How Volunteering is GOOD for you

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Traditionally, we always think of volunteering as something kind that we're doing for others. It's us giving our time, knowing we won't get anything in return. But that's not true. The truth is, we're getting a lot in return. Volunteering isn't just something you should do to help others; it's something you should do to help yourself.

We have a lot of great organizations in our community that rely heavily on volunteers. Service groups (all volunteer-based) raise hundreds of thousands of dollars to support nonprofits, improve our parks, provide scholarships to smart kids wh, and more. Nonprofits like the LOEL Senior Center do things like bringing warm meals to seniors, and places like the Lodi Library providing services like after school tutoring for kids. Volunteers help care for animals at local shelters. They help women and children who are leaving abusive situations to have a better life, and they help keep places like Lodi Lake clean. I'm sure you're reading this thinking of ways you've volunteered that I haven't listed. The point is, volunteers do a LOT!

Okay, you get that. Volunteering is great for the community, but volunteering is also great for you. It's great for you mentally and physically. Volunteering can help you in ways medicine could never improve you mentally or physically. Volunteering can:

  • Help counteract the effects of stress and anxiety

  • Lower blood pressure (according to a study through Carnegie Mellon, cited in the Harvard Health Publishing)

  • Fight depression

  • Provide a sense of purpose 

  • Increase self-confidence

  • Stay physically and mentally active

  • May even help you live longer (cited in several reports, including a Mayo Clinic report)

Here are a couple of studies… when seniors volunteer to mentor children, they improve their stamina and decrease their levels of depression. 10th graders in Canada volunteered at an afterschool program mentoring children, the volunteers lost weight and improved their cholesterol. Researchers can isolate all the things, but the consistent thing they find is people who volunteer live longer. 

Sign me up, right?

Of course, volunteering just for the sake of volunteering isn't what makes a difference. It's finding the right connection. I have a nonprofit background, so I have lots of articles and videos saved about volunteering. I watched a TED Talk recently about volunteering, and I liked the takeaway. The takeaway was if you want to volunteer in a way that can best benefit you and others, look for these three things:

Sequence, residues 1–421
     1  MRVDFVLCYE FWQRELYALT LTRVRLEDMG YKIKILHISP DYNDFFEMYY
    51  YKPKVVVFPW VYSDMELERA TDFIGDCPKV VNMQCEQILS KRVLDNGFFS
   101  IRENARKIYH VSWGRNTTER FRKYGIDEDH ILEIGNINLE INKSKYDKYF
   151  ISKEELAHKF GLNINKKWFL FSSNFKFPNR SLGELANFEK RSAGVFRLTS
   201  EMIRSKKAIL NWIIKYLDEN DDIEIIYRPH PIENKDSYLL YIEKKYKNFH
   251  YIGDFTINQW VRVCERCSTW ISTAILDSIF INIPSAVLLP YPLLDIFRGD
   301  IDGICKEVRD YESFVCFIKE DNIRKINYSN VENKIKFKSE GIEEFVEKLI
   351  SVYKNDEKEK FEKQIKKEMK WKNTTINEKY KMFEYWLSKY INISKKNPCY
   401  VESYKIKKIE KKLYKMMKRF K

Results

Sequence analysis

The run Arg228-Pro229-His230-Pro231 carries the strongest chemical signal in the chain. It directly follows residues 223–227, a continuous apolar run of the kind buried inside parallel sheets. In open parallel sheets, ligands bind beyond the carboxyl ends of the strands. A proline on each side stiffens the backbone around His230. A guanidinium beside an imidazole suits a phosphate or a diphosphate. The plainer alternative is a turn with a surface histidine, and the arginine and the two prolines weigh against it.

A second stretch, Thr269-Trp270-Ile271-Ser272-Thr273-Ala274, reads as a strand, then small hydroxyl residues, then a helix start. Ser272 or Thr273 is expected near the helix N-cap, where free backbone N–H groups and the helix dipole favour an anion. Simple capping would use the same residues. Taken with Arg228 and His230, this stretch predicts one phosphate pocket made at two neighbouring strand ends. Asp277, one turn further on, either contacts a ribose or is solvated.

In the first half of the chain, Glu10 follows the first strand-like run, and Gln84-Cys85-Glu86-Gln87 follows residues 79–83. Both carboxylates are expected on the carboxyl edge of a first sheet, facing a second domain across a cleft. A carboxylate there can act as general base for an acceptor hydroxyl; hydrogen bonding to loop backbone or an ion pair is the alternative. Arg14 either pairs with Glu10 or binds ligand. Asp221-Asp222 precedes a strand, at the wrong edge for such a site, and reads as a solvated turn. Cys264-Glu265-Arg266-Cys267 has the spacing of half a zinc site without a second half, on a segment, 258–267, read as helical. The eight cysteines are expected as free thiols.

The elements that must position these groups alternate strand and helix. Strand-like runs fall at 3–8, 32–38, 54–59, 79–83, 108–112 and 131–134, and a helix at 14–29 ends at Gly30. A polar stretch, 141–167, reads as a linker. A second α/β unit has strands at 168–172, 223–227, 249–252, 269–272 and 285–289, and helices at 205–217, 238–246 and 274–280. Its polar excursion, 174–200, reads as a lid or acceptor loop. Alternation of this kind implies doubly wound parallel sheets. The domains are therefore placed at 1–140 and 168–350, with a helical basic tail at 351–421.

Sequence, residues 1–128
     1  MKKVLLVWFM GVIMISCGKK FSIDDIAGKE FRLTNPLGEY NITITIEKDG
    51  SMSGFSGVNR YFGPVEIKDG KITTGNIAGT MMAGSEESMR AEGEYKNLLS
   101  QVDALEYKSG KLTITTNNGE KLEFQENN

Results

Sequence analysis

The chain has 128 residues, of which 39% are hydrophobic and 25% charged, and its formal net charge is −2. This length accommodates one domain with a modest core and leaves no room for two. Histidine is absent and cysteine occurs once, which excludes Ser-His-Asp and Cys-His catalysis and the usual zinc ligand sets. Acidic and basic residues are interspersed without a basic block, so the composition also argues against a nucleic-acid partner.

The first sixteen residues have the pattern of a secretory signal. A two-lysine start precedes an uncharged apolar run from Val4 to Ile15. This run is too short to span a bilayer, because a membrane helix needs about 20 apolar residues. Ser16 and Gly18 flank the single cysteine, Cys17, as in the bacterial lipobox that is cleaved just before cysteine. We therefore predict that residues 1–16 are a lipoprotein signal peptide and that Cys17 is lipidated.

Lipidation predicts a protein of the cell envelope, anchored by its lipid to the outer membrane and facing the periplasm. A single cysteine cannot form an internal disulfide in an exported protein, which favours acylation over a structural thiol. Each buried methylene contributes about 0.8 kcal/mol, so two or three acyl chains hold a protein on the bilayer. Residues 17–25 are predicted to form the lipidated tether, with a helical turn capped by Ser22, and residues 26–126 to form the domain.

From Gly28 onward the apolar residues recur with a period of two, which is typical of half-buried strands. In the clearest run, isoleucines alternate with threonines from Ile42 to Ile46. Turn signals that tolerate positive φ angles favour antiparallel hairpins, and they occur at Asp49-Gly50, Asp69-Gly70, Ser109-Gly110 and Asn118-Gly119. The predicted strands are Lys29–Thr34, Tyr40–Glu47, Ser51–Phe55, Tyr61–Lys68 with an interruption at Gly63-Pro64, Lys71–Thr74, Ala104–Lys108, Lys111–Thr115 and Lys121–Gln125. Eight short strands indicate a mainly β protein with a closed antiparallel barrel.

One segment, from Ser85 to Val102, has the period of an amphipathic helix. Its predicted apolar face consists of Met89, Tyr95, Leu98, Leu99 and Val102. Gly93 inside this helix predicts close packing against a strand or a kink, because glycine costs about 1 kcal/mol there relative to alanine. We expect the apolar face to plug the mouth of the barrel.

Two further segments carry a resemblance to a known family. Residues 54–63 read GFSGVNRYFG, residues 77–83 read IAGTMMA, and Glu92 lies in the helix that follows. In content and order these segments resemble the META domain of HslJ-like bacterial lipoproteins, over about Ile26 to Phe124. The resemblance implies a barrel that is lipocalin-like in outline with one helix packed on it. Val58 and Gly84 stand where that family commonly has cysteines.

1. Find something you're passionate about. We've all seen the high school students being forced to volunteer by their parents to improve their college applications. Those kids are miserable. They're typically signed up for something that doesn't match their passions. I used to work with those kids, and it wasn't fun for anyone involved. Not the kid, not the nonprofit, not the people visiting the nonprofit, and not for the well-meaning parents. Find something you're passionate about that you want to help with. Maybe that means you sign up to support an organization whose mission you love, or perhaps it means you start your own work. Volunteering doesn't always require a bunch of tax codes and government intervention. It could just be finding like-minded people who want to make a difference. Find something you're passionate about and do it.

  2. Make it altruistic. Do it because you WANT to. If you feel obligated, you're not going to have the same benefit. You're not going to lower your anxiety and stress when if you've been forced into volunteering. Volunteering and being volun" told" are two different things. You know the difference. If you're guilted into helping, you're going to be counting the minutes till you're out and hating it. In the words of Ghandi, "The best way to find yourself is to lose yourself in the service of others." 

  3. Get the right dose. If you volunteer once every Thanksgiving, you're probably not getting the benefits of volunteering. You're not building those relationships and making those connections. If you're volunteering all the time, to the point where it's negatively affecting your other responsibilities, that won't benefit you either. That just creates more stress. Find the right amount. The right amount is different for all of us. Maybe that means once a month, once a week, or once a day. Find out what's right for you and do it.

So there you are Do-Gooders. Volunteer for the community and volunteer for yourself. Putting more good in the world will do you good!

BlogJamie VilinskasComment